For instance, entrepreneur Chung Ju Yung, with no background in car-making, created Hyundai Motors Company in the 1960s. Korea’s enlightened despot, Park Hee, understood the need for a strong domestic industrial base. So, Hyundai Motors became a target for cheap credit, state subsidies and a protected domestic market – everything that neoliberals tend to despise. Yet, it was protection that allowed Hyundai to fail, learn and eventually flourish. If Korea had to follow its “comparative advantage”, it would still be selling the world textiles and fish than cars and steel.

Similar collusion between the state and capital has powered the Chinese growth. Academics Usha and George Haley, in their works of scholarship, have shown that state subsidies, preferential financing and intervention have been central to making China the largest maker of steel, and increasingly the largest maker of solar panels.

Competitive drive

Then what went wrong with India? The cause lies in Nehru’s unwillingness to push the domestic capitalist class to do the hard task of building an industrial base by laying all the burden on the public sector, and the refusal to base industrialisation on foreign markets and technology. Japan, Taiwan and Korea, like India, bankrolled their infant industries, but, unlike India, almost always subjected them to an extremely strict export discipline. This way their companies would be subjected to the highest competition, while using the home base to consistently learn and grow.

The legendary MITI (Ministry of International Trade and Industry) in Japan had substantial control over the distribution of foreign exchange earnings and would allocate it to firms on the basis of export performance. Korea’s Park Hee would jail leaders of chaebol (a form of conglomerate) if they did not do the hard task of running factories as opposed to easier sectors like retail, trading or construction.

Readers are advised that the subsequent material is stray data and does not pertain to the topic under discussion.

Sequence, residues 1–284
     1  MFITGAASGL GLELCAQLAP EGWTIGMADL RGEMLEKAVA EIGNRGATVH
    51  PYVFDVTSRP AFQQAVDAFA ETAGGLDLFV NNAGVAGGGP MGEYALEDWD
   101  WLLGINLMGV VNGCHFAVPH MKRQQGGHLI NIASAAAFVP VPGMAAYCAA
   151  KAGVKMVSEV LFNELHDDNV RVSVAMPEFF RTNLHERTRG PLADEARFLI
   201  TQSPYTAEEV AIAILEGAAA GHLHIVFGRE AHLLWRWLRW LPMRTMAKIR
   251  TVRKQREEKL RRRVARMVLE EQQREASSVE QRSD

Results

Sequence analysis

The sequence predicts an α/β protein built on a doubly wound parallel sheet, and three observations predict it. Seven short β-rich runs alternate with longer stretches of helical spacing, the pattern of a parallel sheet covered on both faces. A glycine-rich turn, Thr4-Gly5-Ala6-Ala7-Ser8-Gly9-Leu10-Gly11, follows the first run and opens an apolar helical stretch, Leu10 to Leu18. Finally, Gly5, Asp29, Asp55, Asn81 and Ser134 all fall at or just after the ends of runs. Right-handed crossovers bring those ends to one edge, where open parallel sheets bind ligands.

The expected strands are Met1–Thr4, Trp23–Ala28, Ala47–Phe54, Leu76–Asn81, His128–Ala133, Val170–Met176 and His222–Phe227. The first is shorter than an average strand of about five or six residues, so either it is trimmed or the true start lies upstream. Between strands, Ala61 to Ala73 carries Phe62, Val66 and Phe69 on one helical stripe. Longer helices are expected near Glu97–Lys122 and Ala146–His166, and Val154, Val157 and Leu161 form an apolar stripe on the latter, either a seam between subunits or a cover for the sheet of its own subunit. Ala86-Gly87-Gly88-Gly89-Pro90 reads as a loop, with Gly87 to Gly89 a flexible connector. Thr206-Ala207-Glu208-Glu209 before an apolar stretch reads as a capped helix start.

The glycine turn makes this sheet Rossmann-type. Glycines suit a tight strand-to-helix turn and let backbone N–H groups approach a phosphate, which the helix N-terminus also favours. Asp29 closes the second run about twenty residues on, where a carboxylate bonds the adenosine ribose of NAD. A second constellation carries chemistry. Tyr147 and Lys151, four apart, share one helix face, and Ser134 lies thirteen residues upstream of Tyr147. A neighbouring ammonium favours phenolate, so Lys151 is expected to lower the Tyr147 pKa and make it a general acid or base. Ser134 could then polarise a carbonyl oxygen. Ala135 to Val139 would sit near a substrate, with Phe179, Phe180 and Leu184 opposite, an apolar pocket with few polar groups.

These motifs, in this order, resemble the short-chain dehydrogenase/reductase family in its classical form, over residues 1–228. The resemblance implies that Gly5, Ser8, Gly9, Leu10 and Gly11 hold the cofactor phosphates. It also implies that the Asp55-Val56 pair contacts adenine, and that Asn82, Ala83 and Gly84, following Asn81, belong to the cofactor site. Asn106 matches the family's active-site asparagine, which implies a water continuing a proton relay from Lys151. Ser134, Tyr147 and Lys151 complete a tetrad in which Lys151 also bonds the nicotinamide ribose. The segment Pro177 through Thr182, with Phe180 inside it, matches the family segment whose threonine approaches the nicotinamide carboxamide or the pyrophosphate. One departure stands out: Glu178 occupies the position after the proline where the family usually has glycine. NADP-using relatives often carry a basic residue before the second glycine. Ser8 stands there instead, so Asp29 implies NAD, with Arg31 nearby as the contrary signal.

Therefore, Nehru was not at fault in pursuing state intervention in principle. Rather his mistake lay in getting state intervention wrong. Relying excessively on the domestic market for the growth of infant industries would make domestic industrialists lazy, whereas undue licensing and reservation of key sectors for the state killed the important drive that comes from the profit motive. Shunning exports would mean that domestic demand had to be maintained at the cost of investment. However, the pursuit of heavy industries, five-year plans and import substitution was something that virtually every nation playing catch-up to the West had to do.

Our wrong reading

Unfortunately, the reading of Nehruvian years in the popular mind today is largely erroneous. It is considered synonymous with stagnation and incorrect policy choices. If Nehru got state intervention wrong, then probably the idea of state intervention is wrong (or so goes the narrative). Labour regulation, rather the absence of scale, technology, skills and trade protection, is blamed for the alarming absence of manufacturing in India. And almost every call for “reforms” by pundits at home and abroad is a cry for further deregulation, privatisation and liberalisation.

On his 125th birth anniversary, India must learn the correct lessons from history. With a severely uncompetitive manufacturing base and a growth built on services, credit booms and bouts of hot money (which leave as rapidly as they come) – perhaps India would do well with some measure of Nehruvian planning, statism and protectionism, if it is to chart a course of plentiful jobs and sustainable growth.